We can therefore use Maccabees to pose at least one of the many questions which can in principle be asked about Hellenistic Syria. By “Hellenistic” in this sense I mean simply the period from Alexander to the mid-first century B.C. By “Syria” I mean anywhere west of the Euphrates and south of the Amanus Mountains—essentially therefore the area west of the Euphrates where Semitic languages were used: Aramaic in its various dialects, Phoenician, Hebrew, and earlier forms of Arabic. This begs a question about Asia Minor (and especially Cilicia), from which Aramaic documents are known, and a far more important one about northern Mesopotamia and about Babylonia. Should we not, that is, see the various Aramaicspeaking areas of the Fertile Crescent as representing a single culture, or at any rate closely connected cultures, and therefore not attempt to study the one area without the others?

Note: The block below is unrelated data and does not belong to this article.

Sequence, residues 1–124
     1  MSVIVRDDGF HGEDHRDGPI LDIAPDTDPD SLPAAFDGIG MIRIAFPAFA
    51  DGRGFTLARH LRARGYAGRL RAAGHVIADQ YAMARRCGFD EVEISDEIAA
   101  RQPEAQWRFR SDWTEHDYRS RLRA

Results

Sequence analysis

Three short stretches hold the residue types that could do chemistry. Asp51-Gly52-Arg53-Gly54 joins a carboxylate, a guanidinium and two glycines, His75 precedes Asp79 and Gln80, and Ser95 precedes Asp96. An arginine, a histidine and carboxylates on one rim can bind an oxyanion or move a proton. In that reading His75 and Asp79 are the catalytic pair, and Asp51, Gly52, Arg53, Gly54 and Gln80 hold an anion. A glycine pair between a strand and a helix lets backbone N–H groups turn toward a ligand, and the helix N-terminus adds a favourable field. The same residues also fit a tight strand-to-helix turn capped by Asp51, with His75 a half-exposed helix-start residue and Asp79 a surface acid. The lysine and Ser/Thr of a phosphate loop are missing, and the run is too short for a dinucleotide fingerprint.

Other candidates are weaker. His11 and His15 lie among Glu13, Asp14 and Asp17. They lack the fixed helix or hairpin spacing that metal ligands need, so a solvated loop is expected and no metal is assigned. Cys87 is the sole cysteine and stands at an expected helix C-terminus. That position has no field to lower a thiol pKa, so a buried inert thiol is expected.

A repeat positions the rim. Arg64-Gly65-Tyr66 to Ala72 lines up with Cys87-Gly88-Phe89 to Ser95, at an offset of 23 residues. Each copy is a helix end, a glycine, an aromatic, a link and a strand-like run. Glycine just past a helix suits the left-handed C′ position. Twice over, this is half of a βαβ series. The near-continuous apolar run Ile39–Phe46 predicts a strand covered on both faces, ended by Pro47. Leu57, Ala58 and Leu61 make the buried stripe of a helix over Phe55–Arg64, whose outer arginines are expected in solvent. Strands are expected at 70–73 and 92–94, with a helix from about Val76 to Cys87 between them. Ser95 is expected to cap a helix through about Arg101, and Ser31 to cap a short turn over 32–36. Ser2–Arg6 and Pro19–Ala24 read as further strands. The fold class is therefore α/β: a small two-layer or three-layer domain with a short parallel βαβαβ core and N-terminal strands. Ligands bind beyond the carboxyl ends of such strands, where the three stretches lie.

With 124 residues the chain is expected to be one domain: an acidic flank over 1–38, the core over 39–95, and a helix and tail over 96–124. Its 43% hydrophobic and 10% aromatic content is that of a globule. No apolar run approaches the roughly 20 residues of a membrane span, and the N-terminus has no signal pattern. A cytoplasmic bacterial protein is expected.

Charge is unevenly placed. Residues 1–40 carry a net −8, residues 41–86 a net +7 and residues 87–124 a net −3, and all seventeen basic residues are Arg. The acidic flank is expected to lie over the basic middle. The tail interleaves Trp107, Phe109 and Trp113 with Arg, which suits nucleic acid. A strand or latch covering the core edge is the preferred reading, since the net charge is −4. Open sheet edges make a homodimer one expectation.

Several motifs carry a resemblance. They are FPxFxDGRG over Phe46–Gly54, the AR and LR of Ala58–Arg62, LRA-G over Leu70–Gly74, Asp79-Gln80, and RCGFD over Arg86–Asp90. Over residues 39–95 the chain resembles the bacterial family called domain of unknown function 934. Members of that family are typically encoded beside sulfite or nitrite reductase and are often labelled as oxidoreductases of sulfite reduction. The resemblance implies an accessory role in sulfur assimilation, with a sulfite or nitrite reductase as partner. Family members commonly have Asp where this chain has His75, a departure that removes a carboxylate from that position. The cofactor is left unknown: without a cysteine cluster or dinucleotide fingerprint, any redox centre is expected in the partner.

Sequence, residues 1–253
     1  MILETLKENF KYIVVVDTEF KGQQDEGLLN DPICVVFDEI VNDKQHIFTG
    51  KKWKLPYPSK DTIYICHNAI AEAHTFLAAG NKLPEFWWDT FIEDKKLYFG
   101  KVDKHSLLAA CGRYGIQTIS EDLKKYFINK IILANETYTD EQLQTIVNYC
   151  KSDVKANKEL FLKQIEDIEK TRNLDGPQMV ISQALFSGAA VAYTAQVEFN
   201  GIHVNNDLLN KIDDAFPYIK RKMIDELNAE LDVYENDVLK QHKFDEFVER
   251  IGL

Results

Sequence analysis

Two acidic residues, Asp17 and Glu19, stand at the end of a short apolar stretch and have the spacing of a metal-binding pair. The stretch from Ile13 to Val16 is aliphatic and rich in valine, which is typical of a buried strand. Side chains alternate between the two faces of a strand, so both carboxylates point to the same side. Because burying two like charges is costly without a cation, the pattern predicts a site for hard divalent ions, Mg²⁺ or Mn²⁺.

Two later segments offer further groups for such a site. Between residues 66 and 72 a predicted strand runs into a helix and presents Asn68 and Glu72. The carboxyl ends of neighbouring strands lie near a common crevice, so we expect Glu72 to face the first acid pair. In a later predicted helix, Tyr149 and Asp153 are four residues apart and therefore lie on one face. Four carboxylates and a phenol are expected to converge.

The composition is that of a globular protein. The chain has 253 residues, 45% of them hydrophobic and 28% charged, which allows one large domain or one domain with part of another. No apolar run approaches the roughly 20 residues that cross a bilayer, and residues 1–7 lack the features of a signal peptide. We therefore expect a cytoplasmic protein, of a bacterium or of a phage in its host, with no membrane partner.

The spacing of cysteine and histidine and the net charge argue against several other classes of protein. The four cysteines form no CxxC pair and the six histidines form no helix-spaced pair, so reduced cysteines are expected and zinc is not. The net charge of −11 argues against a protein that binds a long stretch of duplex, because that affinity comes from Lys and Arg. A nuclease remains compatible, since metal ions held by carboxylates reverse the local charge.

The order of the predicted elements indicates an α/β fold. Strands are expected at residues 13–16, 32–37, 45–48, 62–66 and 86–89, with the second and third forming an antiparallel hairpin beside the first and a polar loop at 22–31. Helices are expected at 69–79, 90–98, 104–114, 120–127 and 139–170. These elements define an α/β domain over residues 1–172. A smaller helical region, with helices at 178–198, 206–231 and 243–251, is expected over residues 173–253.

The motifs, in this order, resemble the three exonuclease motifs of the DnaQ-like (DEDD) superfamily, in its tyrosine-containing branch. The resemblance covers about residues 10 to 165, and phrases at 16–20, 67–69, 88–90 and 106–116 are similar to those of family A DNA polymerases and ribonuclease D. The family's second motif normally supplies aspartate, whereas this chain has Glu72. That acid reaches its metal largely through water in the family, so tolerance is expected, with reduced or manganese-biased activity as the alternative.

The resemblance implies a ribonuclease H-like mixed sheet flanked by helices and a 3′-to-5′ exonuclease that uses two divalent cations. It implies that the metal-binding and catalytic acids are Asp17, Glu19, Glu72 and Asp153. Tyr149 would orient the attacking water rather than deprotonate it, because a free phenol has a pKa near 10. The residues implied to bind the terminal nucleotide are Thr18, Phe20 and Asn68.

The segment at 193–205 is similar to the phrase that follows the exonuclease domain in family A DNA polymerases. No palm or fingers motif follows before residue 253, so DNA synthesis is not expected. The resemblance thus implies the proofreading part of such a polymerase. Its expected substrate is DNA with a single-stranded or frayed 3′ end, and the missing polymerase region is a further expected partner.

The first question is one of cultural identity. Can we observe elsewhere in Syria, that is, outside Judaea, either the continued survival of a non-Greek culture or the fusion (Verschmelzung) in Droysen's sense of Greek and non- Greek cultures? As I have argued elsewhere, there is perhaps just enough evidence (p.5) to show that this was the case in the Phoenician cities of the coast.5 But elsewhere, with the exception of Judaea, we meet a problem which haunts one and all of the questions we would like to ask. If we are going to ask about the nature or limits of Hellenisation, there is a prior question: the Hel- lenisation of what? Whether we think of northern Syria, the Orontes valley, or Damascus, or present-day Jordan, we find that almost nothing is known, from either literary or documentary or archaeological evidence, about what these places were like in the Achaemenid period.6 Our best evidence for the personal life, nomenclature, and religious observances of non-Jewish Aramaic speakers in the Achaemenid period comes in fact from the private letters in Aramaic from Egypt.7 The not very numerous monumental inscriptions in Aramaic from Syria are no later than the seventh century B.C.8 The only known cuneiform archive from Syria, found near Aleppo and dating to the Neo-Babylonian and early Achaemenid periods,9 will serve to remind us of how much we do not know. The only cuneiform tablet of the Achaemenid period so far discovered in Jordan is, however, more revealing.10 Written in Harran in the first year of a king named Darius, it records a sale by two people with Aramaic names to a person whose father has the Edomite/Idumaean name of Qusuyada'. It was found at Tell Tawilan near Petra and thus clearly reflects the type of movement and interchange round the Fertile Crescent hinted at above. It is also significant that the same Idumaean name reappears on an Aramaic-Greek bilingual ostrakon of the third century B.C. (text to n. 49 below). By contrast, formal inscriptions in Aramaic are rare.11 Otherwise, it is only in Teima in northwest Arabia, on the southern borders of what would (p.6) later be the Nabataean kingdom, that we can find Aramaic inscriptions, west of the Euphrates and south of the Amanus, in the Achaemenid period itself.12 Aramaic ostraca of the Persian period are, however, known from a number of sites in Israel, for example, Beer-Sheva and Arad.13 It can reasonably be expected that archaeological investigation in areas outside present-day Israel would produce more; and Aramaic material of the Persian period has, for instance, been discovered at Tell el Mazar in Jordan.14